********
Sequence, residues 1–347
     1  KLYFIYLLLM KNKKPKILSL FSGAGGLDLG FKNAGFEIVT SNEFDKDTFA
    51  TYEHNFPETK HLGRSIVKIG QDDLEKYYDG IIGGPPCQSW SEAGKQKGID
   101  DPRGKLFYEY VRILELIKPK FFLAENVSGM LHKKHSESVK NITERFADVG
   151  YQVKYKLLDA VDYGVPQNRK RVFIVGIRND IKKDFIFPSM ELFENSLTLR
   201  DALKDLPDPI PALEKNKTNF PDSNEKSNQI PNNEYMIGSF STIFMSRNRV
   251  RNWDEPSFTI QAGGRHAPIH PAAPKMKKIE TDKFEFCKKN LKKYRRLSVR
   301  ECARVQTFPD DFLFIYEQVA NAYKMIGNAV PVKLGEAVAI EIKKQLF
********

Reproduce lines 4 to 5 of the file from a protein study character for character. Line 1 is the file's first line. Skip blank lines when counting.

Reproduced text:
   101  DPRGKLFYEY VRILELIKPK FFLAENVSGM LHKKHSESVK NITERFADVG
   151  YQVKYKLLDA VDYGVPQNRK RVFIVGIRND IKKDFIFPSM ELFENSLTLR